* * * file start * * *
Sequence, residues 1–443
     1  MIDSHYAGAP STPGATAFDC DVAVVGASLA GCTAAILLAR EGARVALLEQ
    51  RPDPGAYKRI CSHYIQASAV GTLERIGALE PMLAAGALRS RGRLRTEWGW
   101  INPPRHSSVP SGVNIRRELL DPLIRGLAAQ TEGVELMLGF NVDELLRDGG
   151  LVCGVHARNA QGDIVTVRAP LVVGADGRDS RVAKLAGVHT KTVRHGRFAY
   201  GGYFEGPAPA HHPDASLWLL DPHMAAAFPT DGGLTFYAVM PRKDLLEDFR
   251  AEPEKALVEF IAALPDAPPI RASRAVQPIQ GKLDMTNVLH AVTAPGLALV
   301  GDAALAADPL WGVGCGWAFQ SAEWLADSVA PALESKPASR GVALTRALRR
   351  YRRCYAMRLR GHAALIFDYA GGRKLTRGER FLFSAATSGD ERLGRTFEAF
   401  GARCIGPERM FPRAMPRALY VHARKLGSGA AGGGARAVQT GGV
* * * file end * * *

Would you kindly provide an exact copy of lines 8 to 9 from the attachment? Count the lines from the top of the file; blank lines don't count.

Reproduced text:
   301  GDAALAADPL WGVGCGWAFQ SAEWLADSVA PALESKPASR GVALTRALRR
   351  YRRCYAMRLR GHAALIFDYA GGRKLTRGER FLFSAATSGD ERLGRTFEAF